Figure 4. (A) XRD patterns and (B) Raman spectra of NGCs. (C) N2 adsorption/desorption isothermal and (D) pore size distribution curves of NGC600, NGC700, NGC800, and NGC900. (E) Schematic diagram of the activation of porous carbon by FeOx.
N2 adsorption-desorption measurements were operated to confirm the specific surface area and pore structure of NGCs. According to the IUPAC classification, the isotherm curves of NGCs belonged to the type IV. And at the P0 = 0.4–0.9, a clear hysteresis loop of H4 type was presented, implying the presence of mesopore. However, there was no hysteresis loop on the curve of G700, indicating that there was no mesopore in the G700. The specific surface area was obtained by the Brunauer–Emmett–Teller (BET) equation and the pore size distribution was estimated from the desorption branch of N2 isotherms by the Barrett–Joyner–Halenda (BJH) method (Zhao et al., 2015). And the calculation results were summarized in Table 1.
From Figures 4C,D and the calculation results in Table 1, the specific surface area of NGCs were much larger than G700, indicating that the addition of template agent can increase the specific surface area. Obviously, it easy to find that the BET specific surface areas firstly increased from 256.87 m2·g−1 (NGC600) to 505.41 m2·g−1 (NGC700), and then decreased to 372.02 m2·g−1 (NGC800) and 220.69 m2·g−1 (NGC900). NGC600 presented a small specific area, for Fe2O3 mainly transform to Fe3O4 at 600°C (Figure 4C). The reaction between FeOx and carbon materials enhanced with the annealing temperature increasing (from 600 to 700°C), thinning of the channel and resulting in the increase of surface area. Then the specific area of NGC800 and NGC900 decreased because the quantities of tunnels diminished resulting from the further activation of Fe2O3. Schematic diagram of the activation of porous carbon by FeOx was presented in Figure 4E.
The morphology and structure of NGC700 were estimated by SEM and TEM. As shown in Figure 5A, the surface of G700 was smooth without tunnels. On the contrary, NGC700 presented a cellular structure, consisting of abundant pores, which offered a fast path to ion transportation (Figures 5B,C). As shown in Figures 5D–F, the hollow structure could be observed as well as thin graphene layers on the edge. TEM in higher magnification images showed that NGC700 presented graphene lattice with an inter layer spacing of 0.36 nm.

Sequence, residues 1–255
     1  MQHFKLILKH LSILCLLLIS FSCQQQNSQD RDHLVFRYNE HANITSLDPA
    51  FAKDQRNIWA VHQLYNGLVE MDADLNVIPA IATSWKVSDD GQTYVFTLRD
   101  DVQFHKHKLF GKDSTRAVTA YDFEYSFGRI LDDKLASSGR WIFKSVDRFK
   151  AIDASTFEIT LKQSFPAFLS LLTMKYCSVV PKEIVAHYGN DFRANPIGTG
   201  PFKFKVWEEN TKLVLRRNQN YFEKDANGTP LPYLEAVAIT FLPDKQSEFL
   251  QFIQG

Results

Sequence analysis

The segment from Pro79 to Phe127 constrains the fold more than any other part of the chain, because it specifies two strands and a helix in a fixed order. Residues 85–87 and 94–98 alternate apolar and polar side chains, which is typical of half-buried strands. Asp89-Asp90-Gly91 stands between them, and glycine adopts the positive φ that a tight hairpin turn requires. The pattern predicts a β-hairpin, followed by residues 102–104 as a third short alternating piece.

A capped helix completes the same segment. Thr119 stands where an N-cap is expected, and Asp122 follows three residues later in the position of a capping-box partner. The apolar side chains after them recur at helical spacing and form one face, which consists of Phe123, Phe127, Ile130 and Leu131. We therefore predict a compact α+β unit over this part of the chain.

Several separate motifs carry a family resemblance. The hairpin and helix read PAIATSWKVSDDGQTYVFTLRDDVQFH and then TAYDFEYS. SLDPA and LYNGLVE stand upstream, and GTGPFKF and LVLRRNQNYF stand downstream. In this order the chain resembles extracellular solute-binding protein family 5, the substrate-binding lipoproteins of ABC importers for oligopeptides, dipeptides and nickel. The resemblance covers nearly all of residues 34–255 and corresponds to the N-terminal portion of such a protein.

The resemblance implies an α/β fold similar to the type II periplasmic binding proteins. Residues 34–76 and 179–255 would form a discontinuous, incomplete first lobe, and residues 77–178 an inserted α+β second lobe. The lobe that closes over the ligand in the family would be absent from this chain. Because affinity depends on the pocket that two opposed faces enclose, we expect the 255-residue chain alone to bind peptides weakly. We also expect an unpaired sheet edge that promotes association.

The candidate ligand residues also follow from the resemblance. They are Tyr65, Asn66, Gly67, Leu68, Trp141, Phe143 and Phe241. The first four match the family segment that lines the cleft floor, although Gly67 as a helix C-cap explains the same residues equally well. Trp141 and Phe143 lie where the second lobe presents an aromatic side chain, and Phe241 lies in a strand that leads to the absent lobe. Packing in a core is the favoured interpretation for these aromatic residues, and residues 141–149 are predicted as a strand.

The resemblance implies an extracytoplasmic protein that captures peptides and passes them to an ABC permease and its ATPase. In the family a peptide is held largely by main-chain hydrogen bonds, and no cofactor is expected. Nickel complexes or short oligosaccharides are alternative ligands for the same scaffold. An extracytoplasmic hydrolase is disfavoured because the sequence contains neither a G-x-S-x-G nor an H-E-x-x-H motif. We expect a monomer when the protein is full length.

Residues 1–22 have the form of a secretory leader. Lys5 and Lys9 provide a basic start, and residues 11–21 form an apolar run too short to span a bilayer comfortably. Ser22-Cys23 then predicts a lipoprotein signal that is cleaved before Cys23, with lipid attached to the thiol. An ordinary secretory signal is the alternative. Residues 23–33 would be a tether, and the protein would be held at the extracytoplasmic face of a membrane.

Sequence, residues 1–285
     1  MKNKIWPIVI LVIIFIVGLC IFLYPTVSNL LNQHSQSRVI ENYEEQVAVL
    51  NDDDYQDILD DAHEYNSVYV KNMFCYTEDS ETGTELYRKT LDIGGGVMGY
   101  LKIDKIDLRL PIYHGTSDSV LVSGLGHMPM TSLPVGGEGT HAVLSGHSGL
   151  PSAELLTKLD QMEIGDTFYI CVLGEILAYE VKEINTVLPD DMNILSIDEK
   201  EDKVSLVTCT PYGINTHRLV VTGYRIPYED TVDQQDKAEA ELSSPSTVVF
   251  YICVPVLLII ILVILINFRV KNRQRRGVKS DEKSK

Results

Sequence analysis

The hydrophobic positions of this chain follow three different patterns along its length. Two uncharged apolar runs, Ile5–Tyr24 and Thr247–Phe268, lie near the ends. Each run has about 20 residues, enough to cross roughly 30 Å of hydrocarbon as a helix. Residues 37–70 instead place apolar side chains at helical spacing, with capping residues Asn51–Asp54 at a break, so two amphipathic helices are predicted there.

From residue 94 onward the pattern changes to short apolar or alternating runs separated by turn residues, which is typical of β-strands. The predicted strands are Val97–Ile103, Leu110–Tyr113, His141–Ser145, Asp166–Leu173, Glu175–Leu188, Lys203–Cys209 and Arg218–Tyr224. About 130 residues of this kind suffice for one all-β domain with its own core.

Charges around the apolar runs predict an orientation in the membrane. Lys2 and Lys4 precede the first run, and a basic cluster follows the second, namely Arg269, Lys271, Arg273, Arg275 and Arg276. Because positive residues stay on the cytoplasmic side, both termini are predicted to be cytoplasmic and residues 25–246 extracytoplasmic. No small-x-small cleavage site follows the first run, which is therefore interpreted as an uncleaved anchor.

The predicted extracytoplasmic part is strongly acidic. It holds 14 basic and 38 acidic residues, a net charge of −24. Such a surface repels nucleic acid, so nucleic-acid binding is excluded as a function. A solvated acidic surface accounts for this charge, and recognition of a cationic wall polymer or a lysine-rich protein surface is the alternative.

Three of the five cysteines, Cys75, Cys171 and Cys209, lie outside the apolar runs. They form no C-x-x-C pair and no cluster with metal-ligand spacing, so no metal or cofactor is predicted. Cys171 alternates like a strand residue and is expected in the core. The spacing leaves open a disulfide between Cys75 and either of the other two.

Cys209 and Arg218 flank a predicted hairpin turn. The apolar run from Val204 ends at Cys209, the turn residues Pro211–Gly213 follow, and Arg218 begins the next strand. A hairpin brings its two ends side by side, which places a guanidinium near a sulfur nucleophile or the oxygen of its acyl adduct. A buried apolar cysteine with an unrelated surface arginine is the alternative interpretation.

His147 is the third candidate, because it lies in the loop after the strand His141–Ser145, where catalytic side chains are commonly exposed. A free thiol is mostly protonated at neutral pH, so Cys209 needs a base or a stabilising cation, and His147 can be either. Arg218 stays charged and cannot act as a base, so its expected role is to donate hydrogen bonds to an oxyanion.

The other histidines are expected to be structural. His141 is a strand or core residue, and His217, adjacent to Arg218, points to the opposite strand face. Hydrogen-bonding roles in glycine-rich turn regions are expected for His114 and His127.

Figure 5. SEM images of the (A) G700, (B,C) NGC700 at different magnification. (D–F) TEM images of the NGC700 at different magnification. XPS spectrum of NGC700: (G) Survey spectra, (H) C1s XPS, (I) N1s XPS, and (J) O1s XPS.
X-ray photoelectron spectroscopy was conducted to further understand the composition of elements and chemical states of the surface (Figures 5G–J). Figure 5G presented three peaks of C (284.5 eV), N (399 eV), and O elements (531 eV) (Mi et al., 2014, 2016; Zhuo et al., 2014). The curves of C, N, and O elements were fitted to understand the existing state of C and N elements in composites. Further analysis of the C1s (Figure 5H) can reveal three peaks: sp2C-C (284.6 eV), N-sp2C (285.4 eV), and N-sp3C (288.4 eV). Most of the carbon atoms form π-π conjugated system, for the main peak at 284.6 eV corresponding to sp2 carbon. N 1s (Figure 5I) revealed three peaks: pyridinic N (398.5 eV), pyrrolic N (399.6 eV), and graphitic N (400.5 eV; Zhao et al., 2015). Among these three forms, pyridinic N was viewed as the most suitable for facilitating the electronic conductivity and the charge transfer. The N-doped content was calculated to be 9.52% (Table S2). Ascribed to the O and N-doped in the carbon, the defects increased and the electrochemical activity improved. The polar C-N and C-O on the surface of carbon also increased the wettability of the composites and the contact area of the electrolyte (Tong et al., 2016; Wang et al., 2016). The functional groups on the carbon surface can improve the pseudocapacitance of the materials and the total specific capacitance (Sui et al., 2015; Zhao et al., 2017).